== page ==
Trautchen shook her finger at him, but he turned hastily back and ran towards the Zyl-gate, this time to lead the Spaniards against the Netherlanders.
The burgomaster had pressed the nobleman to sit down in the study-chair, while he himself leaned in a half-sitting attitude on the writing-table, listening somewhat impatiently to his distinguished guest.
“Before speaking of more important things,” Herr Matanesse Van Wibisma had begun, “I should like to appeal to you, as a just man, for some punishment for the injury my son has sustained in this city.”
“Speak,” said the burgomaster, and the nobleman now briefly, and with unconcealed indignation, related the story of the attack upon his son at the church.
“I’ll inform the rector of the annoying incident,” replied Van der Werff, “and the culprits will receive their just dues; but pardon me, noble sir, if I ask whether any inquiry has been made concerning the cause of the quarrel?”
Herr Matanesse Van Wibisma looked at the burgomaster in surprise and answered proudly:
“You know my son’s report.”
“Both sides must be fairly heard,” replied Van der Werff calmly. “That has been the custom of the Netherlands from ancient times.”
“My son bears my name and speaks the truth.”
“Our boys are called simply Leendert or Adrian or Gerrit, but they do the same, so I must beg you to send the young gentleman to the examination at the school.”
“By no means,” answered the knight resolutely. “If I had thought the matter belonged to the rector’s department, I should have sought him and not you, Herr Peter. My son has his own tutor, and was not attacked in your school, which in any case he has outgrown, for he is seventeen, but in the public street, whose security it is the burgomaster’s duty to guard.”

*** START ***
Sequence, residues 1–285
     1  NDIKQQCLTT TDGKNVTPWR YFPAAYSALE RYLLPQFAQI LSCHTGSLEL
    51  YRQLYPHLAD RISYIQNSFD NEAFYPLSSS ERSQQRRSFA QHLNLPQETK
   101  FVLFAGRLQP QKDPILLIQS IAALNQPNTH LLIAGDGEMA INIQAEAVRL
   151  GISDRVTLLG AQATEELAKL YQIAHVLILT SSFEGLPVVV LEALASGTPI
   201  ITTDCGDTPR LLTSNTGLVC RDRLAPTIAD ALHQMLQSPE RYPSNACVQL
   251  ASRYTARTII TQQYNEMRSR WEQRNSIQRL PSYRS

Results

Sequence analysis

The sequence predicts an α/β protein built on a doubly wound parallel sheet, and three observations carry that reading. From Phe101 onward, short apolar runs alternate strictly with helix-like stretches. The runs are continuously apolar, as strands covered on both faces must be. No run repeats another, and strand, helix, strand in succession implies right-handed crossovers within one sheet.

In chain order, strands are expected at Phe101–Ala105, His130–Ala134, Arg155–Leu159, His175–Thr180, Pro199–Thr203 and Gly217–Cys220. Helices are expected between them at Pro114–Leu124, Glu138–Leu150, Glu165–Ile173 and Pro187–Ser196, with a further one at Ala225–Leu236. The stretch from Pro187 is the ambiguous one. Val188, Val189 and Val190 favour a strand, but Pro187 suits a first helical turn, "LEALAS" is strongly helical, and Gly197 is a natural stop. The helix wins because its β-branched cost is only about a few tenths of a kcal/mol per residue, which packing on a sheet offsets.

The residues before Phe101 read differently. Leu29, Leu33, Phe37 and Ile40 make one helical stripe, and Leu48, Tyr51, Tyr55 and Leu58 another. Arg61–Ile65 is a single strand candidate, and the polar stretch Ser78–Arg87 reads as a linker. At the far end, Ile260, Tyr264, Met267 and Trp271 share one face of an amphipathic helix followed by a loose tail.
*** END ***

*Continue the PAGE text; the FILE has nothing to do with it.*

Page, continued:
“Very well then, make your complaint, take the youth before the judges, summon witnesses and let the law follow its course. But, sir,” continued Van der Werff, softening the impatience in his voice, “were you not young yourself once? Have you entirely forgotten the fights under the citadel? What pleasure will it afford you, if we lock up a few thoughtless lads for two days this sunny weather? The scamps will find something amusing to do indoors, as well as out, and only the parents will be punished.”
The last words were uttered so cordially and pleasantly, that they could not fail to have their effect upon the baron. He was a handsome man, whose refined, agreeable features, of the true Netherland type, expressed anything rather than severity.
“If you speak to me in this tone, we shall come to an agreement more easily,” he answered, smiling. “I will only say this. Had the brawl arisen in sport, or from some boyish quarrel, I wouldn’t have wasted a word on the matter—but that children already venture to assail with jeers and violence those who hold different opinions, ought not to be permitted to pass without reproof. The boys shouted after my son the absurd word—”